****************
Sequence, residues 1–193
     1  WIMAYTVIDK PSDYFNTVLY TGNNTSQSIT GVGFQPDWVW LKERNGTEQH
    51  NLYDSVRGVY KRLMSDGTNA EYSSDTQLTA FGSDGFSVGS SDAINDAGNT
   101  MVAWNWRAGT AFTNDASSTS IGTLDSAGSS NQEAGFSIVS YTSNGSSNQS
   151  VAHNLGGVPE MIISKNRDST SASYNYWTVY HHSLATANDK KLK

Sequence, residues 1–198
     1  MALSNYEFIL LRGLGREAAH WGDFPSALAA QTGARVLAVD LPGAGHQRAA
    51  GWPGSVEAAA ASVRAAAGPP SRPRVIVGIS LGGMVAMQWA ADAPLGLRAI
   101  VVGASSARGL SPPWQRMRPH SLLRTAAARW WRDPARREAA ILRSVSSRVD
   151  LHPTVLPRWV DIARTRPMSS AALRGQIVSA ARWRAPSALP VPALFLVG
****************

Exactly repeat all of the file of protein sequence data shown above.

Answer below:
Sequence, residues 1–193
     1  WIMAYTVIDK PSDYFNTVLY TGNNTSQSIT GVGFQPDWVW LKERNGTEQH
    51  NLYDSVRGVY KRLMSDGTNA EYSSDTQLTA FGSDGFSVGS SDAINDAGNT
   101  MVAWNWRAGT AFTNDASSTS IGTLDSAGSS NQEAGFSIVS YTSNGSSNQS
   151  VAHNLGGVPE MIISKNRDST SASYNYWTVY HHSLATANDK KLK

Sequence, residues 1–198
     1  MALSNYEFIL LRGLGREAAH WGDFPSALAA QTGARVLAVD LPGAGHQRAA
    51  GWPGSVEAAA ASVRAAAGPP SRPRVIVGIS LGGMVAMQWA ADAPLGLRAI
   101  VVGASSARGL SPPWQRMRPH SLLRTAAARW WRDPARREAA ILRSVSSRVD
   151  LHPTVLPRWV DIARTRPMSS AALRGQIVSA ARWRAPSALP VPALFLVG